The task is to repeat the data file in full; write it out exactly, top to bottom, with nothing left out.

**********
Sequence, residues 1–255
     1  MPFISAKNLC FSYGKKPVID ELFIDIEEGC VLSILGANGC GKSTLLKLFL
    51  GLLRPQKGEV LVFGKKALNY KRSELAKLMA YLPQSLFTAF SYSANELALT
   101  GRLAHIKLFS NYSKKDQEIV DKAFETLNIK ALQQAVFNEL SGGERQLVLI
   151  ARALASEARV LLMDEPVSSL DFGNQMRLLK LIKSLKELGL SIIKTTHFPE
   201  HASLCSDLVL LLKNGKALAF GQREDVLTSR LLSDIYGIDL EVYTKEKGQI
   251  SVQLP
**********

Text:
Sequence, residues 1–255
     1  MPFISAKNLC FSYGKKPVID ELFIDIEEGC VLSILGANGC GKSTLLKLFL
    51  GLLRPQKGEV LVFGKKALNY KRSELAKLMA YLPQSLFTAF SYSANELALT
   101  GRLAHIKLFS NYSKKDQEIV DKAFETLNIK ALQQAVFNEL SGGERQLVLI
   151  ARALASEARV LLMDEPVSSL DFGNQMRLLK LIKSLKELGL SIIKTTHFPE
   201  HASLCSDLVL LLKNGKALAF GQREDVLTSR LLSDIYGIDL EVYTKEKGQI
   251  SVQLP